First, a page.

Val (Regina Case) is the devoted housekeeper to a doctor and his high class wife. She dotes upon their son, Fabinho (Michel Joelsas), who feels a special attachment to his “Second Mommy.” Early in the film, Val is babysitting Fabinho at the pool when the telephone rings. When Val answers the phone and talks to her estranged daughter Jessica (Camila Mardila), Fabinho becomes confused.

As the years past, Val becomes as much of the fixture of the doctor’s house as the living room sofa. When Jessica arrives in town to take a series of entrance exams, the doctor impulsively offers to let Jessica stay in the guest room. Complications arise as Jessica observes Val’s intimate relationship with Fabinho.

The Second Mother is a fresh motion picture about the rites of passage for a mother transferring from middle age, a wealthy family adjusting to empty nest syndrome and two young people confronting responsibility in the world. It’s contemporary and is likely to be remade as an American sitcom.

From France comes The New Girlfriend, a film that is being promoted as an Alfred Hitchcock-style thriller. The film is much more related to Hitchcock’s later, more personal work, like Marnie, Spellbound and Rebecca, three films that rely more on psychological revelations than cliffhanging action sequences.

Stonewall is a slice of contemporary American history much like Straight Outta Compton and Black Mass. Directed by Roland Emmereich (Independence Day), Stonewall details the birth of the Gay Liberation movement from the riots in New York City.

Despite the televised distractions caused by football, baseball and the Republican debates, the motion picture box office is enjoying its best September in over a decade. Expect 2015 to close out as a memorable movie-going year.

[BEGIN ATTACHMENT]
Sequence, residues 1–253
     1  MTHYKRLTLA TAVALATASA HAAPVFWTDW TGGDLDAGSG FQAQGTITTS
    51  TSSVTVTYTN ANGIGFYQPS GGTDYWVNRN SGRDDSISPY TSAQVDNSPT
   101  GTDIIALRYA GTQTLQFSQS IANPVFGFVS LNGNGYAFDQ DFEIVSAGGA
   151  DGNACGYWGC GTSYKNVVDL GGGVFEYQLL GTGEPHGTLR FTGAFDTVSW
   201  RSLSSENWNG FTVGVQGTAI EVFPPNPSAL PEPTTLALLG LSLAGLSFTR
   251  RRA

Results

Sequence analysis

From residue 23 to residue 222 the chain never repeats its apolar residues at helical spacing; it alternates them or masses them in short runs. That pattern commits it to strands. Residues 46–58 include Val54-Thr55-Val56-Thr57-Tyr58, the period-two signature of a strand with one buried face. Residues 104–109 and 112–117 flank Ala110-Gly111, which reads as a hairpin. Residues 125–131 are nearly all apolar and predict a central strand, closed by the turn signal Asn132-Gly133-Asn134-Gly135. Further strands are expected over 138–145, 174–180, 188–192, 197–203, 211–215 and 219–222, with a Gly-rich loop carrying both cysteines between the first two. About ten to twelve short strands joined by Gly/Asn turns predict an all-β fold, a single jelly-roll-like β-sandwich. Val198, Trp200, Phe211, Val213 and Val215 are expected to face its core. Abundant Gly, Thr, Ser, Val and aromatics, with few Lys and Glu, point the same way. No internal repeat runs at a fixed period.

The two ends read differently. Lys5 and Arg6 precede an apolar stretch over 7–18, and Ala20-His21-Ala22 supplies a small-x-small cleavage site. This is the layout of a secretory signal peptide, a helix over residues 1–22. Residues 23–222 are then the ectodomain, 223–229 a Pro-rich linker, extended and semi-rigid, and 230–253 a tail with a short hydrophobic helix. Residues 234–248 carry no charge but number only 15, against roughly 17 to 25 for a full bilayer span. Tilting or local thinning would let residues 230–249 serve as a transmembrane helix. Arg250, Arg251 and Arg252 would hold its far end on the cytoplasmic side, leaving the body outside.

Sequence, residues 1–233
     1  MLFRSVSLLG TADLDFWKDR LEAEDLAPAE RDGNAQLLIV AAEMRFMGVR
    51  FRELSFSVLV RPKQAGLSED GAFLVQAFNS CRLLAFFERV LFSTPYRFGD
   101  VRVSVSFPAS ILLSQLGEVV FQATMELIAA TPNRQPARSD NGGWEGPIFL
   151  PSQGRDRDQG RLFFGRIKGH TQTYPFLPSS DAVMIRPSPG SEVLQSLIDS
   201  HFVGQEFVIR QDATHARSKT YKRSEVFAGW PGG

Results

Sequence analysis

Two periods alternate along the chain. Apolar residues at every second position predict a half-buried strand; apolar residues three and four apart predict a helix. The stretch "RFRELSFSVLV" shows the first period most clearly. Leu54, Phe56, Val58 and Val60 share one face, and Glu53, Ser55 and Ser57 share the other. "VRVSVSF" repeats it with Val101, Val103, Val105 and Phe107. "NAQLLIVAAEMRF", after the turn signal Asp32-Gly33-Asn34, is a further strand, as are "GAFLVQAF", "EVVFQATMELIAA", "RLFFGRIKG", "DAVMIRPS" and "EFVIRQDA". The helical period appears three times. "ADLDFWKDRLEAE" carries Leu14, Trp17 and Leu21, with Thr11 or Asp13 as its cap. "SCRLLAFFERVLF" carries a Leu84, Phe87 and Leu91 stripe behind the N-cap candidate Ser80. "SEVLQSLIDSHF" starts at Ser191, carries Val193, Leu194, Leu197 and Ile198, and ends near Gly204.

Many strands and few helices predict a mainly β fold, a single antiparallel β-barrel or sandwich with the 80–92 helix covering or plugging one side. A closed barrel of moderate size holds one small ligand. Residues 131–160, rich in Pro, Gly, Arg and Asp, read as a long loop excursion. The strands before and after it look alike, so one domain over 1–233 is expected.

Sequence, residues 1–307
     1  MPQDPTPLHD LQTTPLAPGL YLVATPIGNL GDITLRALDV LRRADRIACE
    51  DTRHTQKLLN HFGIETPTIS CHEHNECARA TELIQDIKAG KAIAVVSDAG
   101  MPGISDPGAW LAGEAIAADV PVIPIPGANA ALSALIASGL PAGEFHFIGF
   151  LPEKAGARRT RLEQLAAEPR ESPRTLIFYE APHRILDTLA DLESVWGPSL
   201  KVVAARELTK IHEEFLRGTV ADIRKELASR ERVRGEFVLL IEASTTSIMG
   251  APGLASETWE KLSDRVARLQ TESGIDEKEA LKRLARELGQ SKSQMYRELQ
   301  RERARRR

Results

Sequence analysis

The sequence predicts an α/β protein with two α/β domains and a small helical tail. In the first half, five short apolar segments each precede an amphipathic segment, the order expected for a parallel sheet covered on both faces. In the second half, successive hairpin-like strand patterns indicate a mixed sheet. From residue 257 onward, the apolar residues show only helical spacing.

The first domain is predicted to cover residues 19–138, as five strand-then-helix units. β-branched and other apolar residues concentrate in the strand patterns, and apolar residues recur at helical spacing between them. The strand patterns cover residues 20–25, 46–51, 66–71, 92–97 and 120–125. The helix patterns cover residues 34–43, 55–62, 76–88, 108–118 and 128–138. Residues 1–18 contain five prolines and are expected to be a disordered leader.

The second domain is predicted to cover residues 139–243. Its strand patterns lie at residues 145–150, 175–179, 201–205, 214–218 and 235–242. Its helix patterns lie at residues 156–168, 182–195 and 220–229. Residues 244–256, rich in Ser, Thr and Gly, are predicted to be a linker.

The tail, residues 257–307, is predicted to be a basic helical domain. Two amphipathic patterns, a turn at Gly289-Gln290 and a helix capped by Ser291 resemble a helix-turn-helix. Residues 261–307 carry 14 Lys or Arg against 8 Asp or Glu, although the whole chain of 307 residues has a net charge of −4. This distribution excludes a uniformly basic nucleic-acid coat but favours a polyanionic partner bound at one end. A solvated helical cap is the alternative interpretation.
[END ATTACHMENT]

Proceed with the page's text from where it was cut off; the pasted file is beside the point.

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FLICKS: 90 Minutes in Heaven & faith based films

Posted on 17 September 2015 by L.Moore

flicks091715By Dave Montalbano


With the start of couch potato season (that is, the opening of college and professional football, U.S. Open Tennis, and baseball pennant runs), the motion picture industry has become more strategic about releasing films in September. Nineteen years ago Paramount Pictures found box office gold by releasing The First Wives Club as a counter to non-stop programs of televised sports.

Last week, War Room ended Straight Outta Compton’s August box office domination. Produced for a mere $3 million, War Room has grossed over $39 million, creating a comfortable profit margin. War Room is a faith-based movie about the power of prayer healing a family’s domestic woes.

With little fanfare beyond some cheesy television commercials, 90 Minutes from Heaven opened last weekend. This film is a quiet, thought provoking piece of Christian cinema.

In 1989, Pastor Don Piper (Hayden Christensen) gets into a car accident and is pronounced dead for 90 minutes. Despite the dire situation, another preacher demands he be allowed to pray with the corpse. When he sings What a friend I have in Jesus, Pastor Don Piper is revived.